Polymer-Fullerene Bulk-Heterojunction Solar Cells

Polymer-Fullerene Bulk-Heterojunction Solar Cells

(Parte 1 de 5)

Polymer-Fullerene Bulk-Heterojunction Solar Cells By Gilles Dennler, Markus C. Scharber, and Christoph J. Brabec*

Solution-processed bulk-heterojunction photovoltaic cells were first reported in 1995.[1] It took another 3–4 years until the scientific community realized the huge potential of this technology, and suddenly, in 1999, the number of publications in that field started to rise exponentially. Since then, the number of publications on organic semiconductor photovoltaics has increased by about 65% per year. While the best efficiency reported eight years ago barely reached values higher than 1%, efficiencies beyond 5% are achieved today.[2–6]

This article reviews the recent developments that have guided the community and the whole field to the current performance of organic photovoltaic devices (OPVs). We start with reviewing the performance of the currently most prominent material system in OPVs, namely the mixture of poly(3-hexylthiophene):1-(3- methoxycarbonyl)propyl-1-phenyl[6,6]C61 (P3HT:PCBM). In the second part of this article, we discuss new and promising active materials that have already shown promising performances in actual devices, and have the potential to go to significantly higher efficiencies than those achieved by P3HT-based solar cells. The third part is devoted to the recent development of a tandem technology for the organic field. The last two sections go beyond pure advanced material science, and discuss necessary requirements to ensure that OPVs will become a sustainable technology in the market. The first part analyzes the impact of the fundamental, OPV-specific losses on the maximum theoretical efficiency, in a simplified Shockley-Queisser approach. The second part tries to answer the question of what are the minimum efficiency and lifetime a low-cost PV technology needs to demonstrate in order to become competitive for grid-connected energy supply.

Despite the great progress of several different organic/hybrid approaches, like solution-processed or evaporated small molecules, polymer–polymer blends, or organic– inorganic blends, this review will focus exclusively on bulk-heterojunction composites from polymer–fullerene blends.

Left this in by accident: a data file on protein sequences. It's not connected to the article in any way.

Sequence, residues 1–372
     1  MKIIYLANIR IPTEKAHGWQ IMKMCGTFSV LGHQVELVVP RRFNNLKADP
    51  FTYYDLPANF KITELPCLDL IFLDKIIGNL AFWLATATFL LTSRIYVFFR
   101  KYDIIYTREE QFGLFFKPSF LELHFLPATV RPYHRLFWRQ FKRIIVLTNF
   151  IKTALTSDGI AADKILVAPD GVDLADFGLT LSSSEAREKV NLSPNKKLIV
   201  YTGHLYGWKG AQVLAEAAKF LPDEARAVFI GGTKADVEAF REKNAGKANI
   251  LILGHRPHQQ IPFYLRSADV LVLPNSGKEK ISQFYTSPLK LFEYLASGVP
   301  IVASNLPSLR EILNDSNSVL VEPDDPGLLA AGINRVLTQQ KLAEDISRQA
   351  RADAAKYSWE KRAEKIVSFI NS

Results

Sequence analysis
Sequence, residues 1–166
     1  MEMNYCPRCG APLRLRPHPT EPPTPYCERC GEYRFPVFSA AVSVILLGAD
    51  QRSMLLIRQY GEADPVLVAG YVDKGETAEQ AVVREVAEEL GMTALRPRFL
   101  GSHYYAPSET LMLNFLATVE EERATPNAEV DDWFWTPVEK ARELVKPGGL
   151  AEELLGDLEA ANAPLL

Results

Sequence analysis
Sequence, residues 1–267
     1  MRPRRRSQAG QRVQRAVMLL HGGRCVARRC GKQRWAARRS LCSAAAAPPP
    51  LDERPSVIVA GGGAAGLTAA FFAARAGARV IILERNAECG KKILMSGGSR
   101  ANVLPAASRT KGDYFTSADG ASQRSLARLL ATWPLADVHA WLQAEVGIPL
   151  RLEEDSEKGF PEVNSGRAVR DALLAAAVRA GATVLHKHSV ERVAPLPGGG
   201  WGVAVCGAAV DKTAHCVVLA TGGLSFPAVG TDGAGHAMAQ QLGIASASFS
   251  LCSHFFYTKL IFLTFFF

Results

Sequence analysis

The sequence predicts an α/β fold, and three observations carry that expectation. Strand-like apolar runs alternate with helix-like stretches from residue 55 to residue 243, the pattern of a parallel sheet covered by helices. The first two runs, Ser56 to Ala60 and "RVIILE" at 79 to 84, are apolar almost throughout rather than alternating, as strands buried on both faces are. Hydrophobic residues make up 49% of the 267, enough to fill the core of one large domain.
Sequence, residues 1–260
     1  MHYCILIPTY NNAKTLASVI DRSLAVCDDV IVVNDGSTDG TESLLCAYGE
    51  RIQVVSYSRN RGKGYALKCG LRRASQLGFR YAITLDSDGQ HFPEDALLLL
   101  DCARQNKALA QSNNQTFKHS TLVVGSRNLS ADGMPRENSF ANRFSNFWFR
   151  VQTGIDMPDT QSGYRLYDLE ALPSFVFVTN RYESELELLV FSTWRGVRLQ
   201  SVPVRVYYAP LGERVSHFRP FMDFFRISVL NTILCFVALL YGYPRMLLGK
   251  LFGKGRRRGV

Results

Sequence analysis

2. The P3HT:PCBM Blend

2.1. Estimation of the Maximum Expectable Efficiency

For more than 5 years, the P3HT:PCBM blend has been dominating the organic-solar-cell research. Although the material blend is well known and investigated, there are still discussions on the practical efficiency one may expect from that system. Although the device physics of polymer:fullerene bulk heterojunctions has been the object of many recent review articles[7] and book chapters,[8] it is still important to set the efficiency expectations for that material system. Consider a material, say P3HT, that absorbs photons with wavelengths smaller than 675nm (a band-gap energy Eg 1.85eV). Assuming that in a P3HT:PCBM blend the polymer defines the optical gap of the composite, one can calculate the absorbed photon density as well as the power density by combining the absorption spectrum with the sun’s spectrum. The typical spectrum of the light impinging on the surface of the Earth is given by the ASTM Standard G159,[9] and named Air Mass 1.5 (AM1.5). The so-called AM1.5G, the overall reference for solar-cell characterization,[10] cumulates an integrated power density of 1000Wm 2 (100mWcm 2), and an integrated photon flux of 4.31 1021s 1m 2, distributed over a large range of wavelengths (280–4000nm). Under these assumptions, a P3HT:PCBM layer can absorb, at best, 27% of the available photons and 4.3% of the available power, while the ultimate efficiency, as defined by Shockley and Queisser,[1] predicts a value of 34.6% for a semiconductor with a band gap of 1.85eV. This difference arises from the fact that each photon having an energy

En larger than Eg produces only one electronic charge q, extracted at a maximum potential Eg. The external quantum efficiency (EQE) of a device is defined by the ratio of the collected electrons to the incident photons. The

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Konarka Austria GmbH Altenbergerstrasse 69 4040 Linz, Austria E-mail: cbrabec@konarka.com

DOI: 10.1002/adma.200801283

Solution-processed bulk-heterojunction solar cells have gained serious attention during the last few years and are becoming established as one of the future photovoltaic technologies for low-cost power production. This article reviews the highlights of the last few years, and summarizes today’s state-of-the-art performance. An outlook is given on relevant future materials and technologies that have the potential to guide this young photovoltaic technology towards the magic 10% regime. A cost model supplements the technical discussions, with practical aspects any photovoltaic technology needs to fulfil, and answers to the question as to whether low module costs can compensate lower lifetimes and performances.

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short-circuit current density Jsc is expressed by:

Jsc ¼ hc q where h is Plank’s constant, c is the speed of light in vacuum, and l1 and l2 are the limits of the active spectrum of the device. In the case of the P3HT:PCBM blend, and for an EQE of 100%, the maximum possible Jsc is about 18.7mAcm 2. If the average EQE is only 50%, Jsc would then be only about 9.35mAcm 2. More information about expected efficiencies and accuracy of mea- surement can be found in the literature.[10,12]